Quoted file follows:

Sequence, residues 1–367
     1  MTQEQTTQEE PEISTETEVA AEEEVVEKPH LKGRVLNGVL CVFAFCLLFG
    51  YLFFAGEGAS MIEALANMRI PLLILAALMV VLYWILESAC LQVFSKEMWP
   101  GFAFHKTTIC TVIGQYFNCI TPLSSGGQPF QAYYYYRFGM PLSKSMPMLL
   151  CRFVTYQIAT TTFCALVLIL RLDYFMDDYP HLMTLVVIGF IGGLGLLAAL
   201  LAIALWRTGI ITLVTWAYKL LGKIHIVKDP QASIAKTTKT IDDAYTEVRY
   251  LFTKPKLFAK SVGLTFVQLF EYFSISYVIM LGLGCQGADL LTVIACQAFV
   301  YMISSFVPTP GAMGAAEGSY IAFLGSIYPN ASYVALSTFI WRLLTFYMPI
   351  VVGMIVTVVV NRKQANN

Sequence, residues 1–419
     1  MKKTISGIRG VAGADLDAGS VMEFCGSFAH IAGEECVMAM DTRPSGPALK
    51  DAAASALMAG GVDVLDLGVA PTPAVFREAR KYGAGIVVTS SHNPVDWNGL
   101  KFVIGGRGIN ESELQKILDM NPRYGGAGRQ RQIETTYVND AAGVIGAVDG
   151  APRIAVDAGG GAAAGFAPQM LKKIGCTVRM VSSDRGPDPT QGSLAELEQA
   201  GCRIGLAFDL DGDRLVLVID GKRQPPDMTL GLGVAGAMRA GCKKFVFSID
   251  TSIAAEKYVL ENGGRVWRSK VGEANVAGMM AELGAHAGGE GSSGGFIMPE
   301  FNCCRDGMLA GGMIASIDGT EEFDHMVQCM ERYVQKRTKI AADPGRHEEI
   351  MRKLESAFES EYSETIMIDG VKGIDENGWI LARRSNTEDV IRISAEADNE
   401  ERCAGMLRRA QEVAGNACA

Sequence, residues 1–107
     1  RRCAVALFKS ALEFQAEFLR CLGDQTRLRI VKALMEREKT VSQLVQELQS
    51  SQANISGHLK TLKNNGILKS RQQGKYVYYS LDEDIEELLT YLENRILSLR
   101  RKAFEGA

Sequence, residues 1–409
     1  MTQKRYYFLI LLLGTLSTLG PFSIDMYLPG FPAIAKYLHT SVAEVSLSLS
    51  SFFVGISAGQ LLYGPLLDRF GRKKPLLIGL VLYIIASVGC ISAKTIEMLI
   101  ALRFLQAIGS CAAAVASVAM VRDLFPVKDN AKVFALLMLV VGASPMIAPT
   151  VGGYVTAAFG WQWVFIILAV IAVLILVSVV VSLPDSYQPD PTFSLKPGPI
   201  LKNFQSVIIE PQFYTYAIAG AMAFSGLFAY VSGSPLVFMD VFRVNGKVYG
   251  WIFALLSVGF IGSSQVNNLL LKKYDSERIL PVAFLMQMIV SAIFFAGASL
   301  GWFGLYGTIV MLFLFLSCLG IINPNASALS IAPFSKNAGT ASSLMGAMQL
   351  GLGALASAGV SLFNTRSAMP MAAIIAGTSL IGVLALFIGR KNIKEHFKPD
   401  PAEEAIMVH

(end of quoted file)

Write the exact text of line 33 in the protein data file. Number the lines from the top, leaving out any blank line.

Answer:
   401  PAEEAIMVH